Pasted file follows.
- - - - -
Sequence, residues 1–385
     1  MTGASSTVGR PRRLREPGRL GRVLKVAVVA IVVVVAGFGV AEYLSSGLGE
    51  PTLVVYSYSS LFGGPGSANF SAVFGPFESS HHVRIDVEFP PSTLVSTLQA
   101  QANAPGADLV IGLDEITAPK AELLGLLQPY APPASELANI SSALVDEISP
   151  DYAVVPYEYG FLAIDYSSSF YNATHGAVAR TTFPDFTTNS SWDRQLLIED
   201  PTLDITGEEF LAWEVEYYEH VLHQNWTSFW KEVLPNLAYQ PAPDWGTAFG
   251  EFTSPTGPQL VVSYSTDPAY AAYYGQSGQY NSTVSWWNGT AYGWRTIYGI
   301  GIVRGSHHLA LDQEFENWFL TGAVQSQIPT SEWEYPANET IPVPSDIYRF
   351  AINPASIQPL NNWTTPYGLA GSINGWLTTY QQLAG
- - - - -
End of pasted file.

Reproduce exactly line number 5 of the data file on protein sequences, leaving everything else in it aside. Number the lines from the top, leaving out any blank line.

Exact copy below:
   151  DYAVVPYEYG FLAIDYSSSF YNATHGAVAR TTFPDFTTNS SWDRQLLIED